I worked in Hull, Quebec at the E.B. Eddy paper mill in the mid to late-1970s when Pat Burns was a local cop there.
I never met him. I just thought it was a good opening paragraph.
I’ll bet as a cop, Burns was a beauty. Tough as nails. No nonsense. We saw how ferocious he was as a coach. Smart-ass punks would have stood no chance.
The ex-cop has now been chosen as part of the 2014 Hall of Fame gang, along with Dominik Hasek, Mike Modano, Rob Blake, Peter Forsberg, and referee Bill McCreary.
Who knows why Burns wasn’t picked five or ten years ago? Maybe he’d ruffled some feathers before he passed away in 2010 from cancer.
This was a tough hombre who wouldn’t have stood for any guff from legends in their own minds who run various branches of hockey, including members of the HOF selection committee.
The bottom line is, he was a strong and successful coach who deserved to be placed in the Hall. There are plenty in there who are debatable choices, but not Pat Burns.
It was Wayne Gretzky, who owned the Hull Olympiques from 1985 to 1992, who convinced Pat to quit the beat and coach the Quebec Junior team full time. It worked out beautifully.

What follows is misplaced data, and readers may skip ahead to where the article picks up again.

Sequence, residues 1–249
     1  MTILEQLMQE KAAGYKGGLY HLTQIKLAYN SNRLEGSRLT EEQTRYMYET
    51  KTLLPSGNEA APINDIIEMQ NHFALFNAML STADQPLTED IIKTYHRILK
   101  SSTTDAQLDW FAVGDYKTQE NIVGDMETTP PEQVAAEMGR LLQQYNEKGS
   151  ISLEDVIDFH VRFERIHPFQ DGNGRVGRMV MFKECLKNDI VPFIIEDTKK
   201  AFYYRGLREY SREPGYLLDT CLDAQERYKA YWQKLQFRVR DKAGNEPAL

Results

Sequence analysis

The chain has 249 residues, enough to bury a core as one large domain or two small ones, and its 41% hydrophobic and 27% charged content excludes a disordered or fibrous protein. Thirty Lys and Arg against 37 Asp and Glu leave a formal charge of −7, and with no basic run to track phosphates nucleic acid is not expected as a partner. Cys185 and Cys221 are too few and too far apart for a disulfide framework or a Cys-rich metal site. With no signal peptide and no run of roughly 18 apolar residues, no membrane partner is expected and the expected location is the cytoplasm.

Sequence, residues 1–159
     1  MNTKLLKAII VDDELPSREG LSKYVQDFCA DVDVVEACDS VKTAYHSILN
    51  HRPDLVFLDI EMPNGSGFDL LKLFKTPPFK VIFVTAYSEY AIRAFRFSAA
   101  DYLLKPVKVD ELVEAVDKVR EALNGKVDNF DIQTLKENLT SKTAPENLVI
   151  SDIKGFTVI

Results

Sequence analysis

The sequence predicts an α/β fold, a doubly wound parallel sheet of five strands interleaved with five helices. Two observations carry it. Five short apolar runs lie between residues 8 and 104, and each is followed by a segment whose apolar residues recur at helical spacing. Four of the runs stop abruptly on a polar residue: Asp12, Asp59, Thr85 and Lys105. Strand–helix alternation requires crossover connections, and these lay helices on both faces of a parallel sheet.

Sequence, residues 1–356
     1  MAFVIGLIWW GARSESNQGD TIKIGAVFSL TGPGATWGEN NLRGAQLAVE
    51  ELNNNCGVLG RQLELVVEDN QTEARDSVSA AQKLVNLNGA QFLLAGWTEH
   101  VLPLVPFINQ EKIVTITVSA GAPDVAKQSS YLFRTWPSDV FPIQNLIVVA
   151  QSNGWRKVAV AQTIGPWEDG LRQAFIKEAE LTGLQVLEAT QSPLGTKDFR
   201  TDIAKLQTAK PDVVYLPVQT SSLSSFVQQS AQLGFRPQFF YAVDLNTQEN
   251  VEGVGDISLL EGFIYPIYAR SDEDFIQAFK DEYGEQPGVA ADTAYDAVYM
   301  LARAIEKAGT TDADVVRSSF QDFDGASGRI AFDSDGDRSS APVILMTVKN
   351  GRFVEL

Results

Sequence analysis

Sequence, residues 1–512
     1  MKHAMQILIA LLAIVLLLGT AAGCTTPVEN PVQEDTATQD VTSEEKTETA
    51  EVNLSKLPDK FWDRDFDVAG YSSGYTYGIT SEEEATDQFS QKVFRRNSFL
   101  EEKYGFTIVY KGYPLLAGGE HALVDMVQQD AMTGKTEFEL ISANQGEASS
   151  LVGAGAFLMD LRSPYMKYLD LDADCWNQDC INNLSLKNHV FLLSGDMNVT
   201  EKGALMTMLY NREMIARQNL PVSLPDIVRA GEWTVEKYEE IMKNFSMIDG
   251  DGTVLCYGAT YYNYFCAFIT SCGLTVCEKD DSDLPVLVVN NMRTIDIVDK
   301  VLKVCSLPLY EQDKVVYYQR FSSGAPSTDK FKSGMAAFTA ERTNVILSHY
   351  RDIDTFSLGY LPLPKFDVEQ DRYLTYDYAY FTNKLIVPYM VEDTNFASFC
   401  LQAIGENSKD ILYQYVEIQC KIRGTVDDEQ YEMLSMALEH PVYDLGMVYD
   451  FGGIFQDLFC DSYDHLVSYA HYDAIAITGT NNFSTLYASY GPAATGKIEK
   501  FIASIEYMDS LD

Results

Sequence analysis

Of course it did. Because everything Gretzky touched back then seemed to turn to gold.
As a coach, when Pat Burns wasn’t raging, he seemed as likeable as can be in interviews, and by many accounts was popular and personable to everyone he wasn’t collaring or coaching or happened to be near when he was in a foul mood.
He admitted it was tough in Montreal with the pressure from media and fans, he didn’t always handle things in a cool and calm manner, and I’m sure at times, reporters would tread lightly after a tough loss. Would you want a pissed off Pat Burns glaring at you?
He was behind the Habs bench for just four years, his learning years as an NHL coach from 1988 to 1992, and was awarded the Jack Adams Award in 1989 for top coach in the league after taking the boys to the Cup finals before falling to the Terry Crisp-coached Calgary Flames.
(I wrote a letter to my sister in Calgary before that ’89 series had started, giving my prediction along with a little made-up series review which I titled “Pat Burns Terry to a Crisp”)
Next stop was Toronto, where he led the Buds from 1992 to ’96, and where he’d win the Adams in 1993. And from there it was four years with the Bruins (1997 to 2001), where he’d earn a third Jack Adams Award, this one in 1998.
It sucked to see Pat Burns running the bench in Toronto and Boston. It always sucks to see a beloved Hab in those enemy uniforms.
Following Boston it was the New Jersey Devils in 2002-03 for Burns where he’d win the Stanley Cup, and then one final year after that with the Devils before being diagnosed with colon cancer.
A great career, successful almost everywhere he coached. And on Monday, November 17, 2014, eleven years after his final line change, we’ll see Pat inducted.
Late, but better late than never.